October 2004 by StaffExcerpts for CMJ published 50 years ago this month.
For just a few bucks admission you’re on your way. Shawn will give you a map of the 130-acre park, and you are free to explore on your own. There are just a few areas that are fenced-off for safety concerns, but most of it is wide open. It is a refreshing change to view a mining museum/park such as this.
Detectors were invented long before I was born, but it was in the 1960s when they started to become an item popular enough to power a fledgling industry. The key development was miniature transistor technology replacing the old fashioned tube technology of the 1950s, making lightweight, affordable detectors possible.
We have been playing defense for 100% of the game, and now we are finally playing some offense.
The North American continent harbors a vast mountain fastness that few Anglo-Americans have seen—an awesome land cut by perpendicular canyons and towering peaks, a forbidding wilderness virtually unchanged...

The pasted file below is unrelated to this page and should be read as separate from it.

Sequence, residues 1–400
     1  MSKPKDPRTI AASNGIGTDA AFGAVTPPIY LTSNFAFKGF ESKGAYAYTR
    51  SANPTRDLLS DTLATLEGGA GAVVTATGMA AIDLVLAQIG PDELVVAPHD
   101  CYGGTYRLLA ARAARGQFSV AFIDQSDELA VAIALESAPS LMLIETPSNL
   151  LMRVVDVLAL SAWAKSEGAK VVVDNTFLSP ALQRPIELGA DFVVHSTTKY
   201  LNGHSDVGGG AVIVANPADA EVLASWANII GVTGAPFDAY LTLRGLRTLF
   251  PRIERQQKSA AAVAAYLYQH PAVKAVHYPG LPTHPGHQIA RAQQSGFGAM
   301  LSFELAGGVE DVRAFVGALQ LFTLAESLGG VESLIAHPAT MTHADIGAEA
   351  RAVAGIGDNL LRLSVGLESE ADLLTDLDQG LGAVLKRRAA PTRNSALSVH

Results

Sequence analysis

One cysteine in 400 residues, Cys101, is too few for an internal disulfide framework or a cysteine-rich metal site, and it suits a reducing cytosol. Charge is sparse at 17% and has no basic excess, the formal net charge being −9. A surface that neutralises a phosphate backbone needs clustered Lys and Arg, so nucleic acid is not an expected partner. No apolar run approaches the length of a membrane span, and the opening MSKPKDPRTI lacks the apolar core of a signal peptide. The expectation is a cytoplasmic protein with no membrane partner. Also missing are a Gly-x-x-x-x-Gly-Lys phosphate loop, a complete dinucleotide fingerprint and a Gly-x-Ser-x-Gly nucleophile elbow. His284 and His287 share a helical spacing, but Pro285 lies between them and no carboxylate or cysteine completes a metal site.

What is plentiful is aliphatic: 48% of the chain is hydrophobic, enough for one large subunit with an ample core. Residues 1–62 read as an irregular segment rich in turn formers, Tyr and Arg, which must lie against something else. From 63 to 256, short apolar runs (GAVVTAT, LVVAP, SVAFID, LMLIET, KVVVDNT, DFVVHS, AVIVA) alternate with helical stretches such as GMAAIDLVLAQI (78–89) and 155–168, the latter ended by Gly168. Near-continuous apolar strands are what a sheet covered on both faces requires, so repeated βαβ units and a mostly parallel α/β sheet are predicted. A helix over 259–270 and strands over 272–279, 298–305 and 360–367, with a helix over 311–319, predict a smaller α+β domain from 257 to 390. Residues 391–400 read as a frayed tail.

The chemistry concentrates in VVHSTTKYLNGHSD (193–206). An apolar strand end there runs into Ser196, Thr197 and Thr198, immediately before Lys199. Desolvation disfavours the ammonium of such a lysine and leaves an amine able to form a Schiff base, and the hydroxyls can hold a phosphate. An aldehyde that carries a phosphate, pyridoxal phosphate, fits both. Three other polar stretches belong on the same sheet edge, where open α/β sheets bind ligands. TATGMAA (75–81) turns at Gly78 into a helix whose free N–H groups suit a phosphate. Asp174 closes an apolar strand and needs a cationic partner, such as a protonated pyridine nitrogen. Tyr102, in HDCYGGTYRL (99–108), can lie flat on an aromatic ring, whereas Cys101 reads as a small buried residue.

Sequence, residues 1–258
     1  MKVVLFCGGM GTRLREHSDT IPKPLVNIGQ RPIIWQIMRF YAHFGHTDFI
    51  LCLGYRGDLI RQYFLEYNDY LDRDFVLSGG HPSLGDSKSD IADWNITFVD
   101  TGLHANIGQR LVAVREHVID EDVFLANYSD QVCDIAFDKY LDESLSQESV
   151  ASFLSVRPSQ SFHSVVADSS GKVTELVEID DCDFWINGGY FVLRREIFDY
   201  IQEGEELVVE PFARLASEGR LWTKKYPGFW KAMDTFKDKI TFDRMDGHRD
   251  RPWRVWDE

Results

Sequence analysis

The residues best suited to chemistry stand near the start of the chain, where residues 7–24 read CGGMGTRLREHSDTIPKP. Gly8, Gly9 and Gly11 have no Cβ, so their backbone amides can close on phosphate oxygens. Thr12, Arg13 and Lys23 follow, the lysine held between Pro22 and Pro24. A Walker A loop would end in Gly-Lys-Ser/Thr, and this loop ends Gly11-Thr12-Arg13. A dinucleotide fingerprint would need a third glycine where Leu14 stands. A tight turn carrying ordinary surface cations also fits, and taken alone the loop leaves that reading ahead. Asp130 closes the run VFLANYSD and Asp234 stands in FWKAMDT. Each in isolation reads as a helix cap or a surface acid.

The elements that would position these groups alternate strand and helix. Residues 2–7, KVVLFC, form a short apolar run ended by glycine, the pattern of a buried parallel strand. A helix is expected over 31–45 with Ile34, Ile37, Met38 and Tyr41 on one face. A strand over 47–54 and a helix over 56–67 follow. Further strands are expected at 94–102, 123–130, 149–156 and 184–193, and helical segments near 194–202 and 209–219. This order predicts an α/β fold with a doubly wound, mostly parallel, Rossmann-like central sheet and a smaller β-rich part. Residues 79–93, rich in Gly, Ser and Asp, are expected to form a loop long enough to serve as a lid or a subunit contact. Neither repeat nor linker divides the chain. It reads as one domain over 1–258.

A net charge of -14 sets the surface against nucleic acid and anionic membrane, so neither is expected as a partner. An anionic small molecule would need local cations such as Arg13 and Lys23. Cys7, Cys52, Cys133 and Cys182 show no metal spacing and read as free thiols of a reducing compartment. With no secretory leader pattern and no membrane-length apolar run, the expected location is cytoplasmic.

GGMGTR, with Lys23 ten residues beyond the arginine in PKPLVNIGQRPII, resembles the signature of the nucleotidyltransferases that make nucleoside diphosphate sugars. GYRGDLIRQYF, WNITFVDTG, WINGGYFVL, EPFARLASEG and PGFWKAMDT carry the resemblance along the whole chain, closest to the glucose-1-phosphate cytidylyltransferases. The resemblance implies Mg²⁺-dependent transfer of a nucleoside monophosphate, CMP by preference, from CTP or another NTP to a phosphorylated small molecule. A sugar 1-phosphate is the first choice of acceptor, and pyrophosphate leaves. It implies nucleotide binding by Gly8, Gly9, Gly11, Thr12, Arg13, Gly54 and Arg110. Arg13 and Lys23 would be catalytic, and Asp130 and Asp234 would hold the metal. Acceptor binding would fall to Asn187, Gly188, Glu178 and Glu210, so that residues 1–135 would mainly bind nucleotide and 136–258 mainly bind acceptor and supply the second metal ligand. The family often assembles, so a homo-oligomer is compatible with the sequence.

“Neither rain nor sleet nor snow...” How does that saying go?
...the area around Eureka, Nevada is well mineralized and seems to have a bright potential for future production of all sorts of metals.
The Bawl Mill • Update: Forest Service Interim Rule • VMS Deposits in Central Arizona • The Guyana Highlands • Prospecting with a VLF-Type Gold Detector • Freegold Ventures' Golden Summit Project • Picks & Pans: Working the Crevices • Molybdenum • 2004 California State Gold Panning Championships • Company Notes • Why Environmental Groups Prefer Kerry • The French Mines of El Boleo • Melman on Gold & Silver • Mining Stock Quotes and Mineral & Metal Prices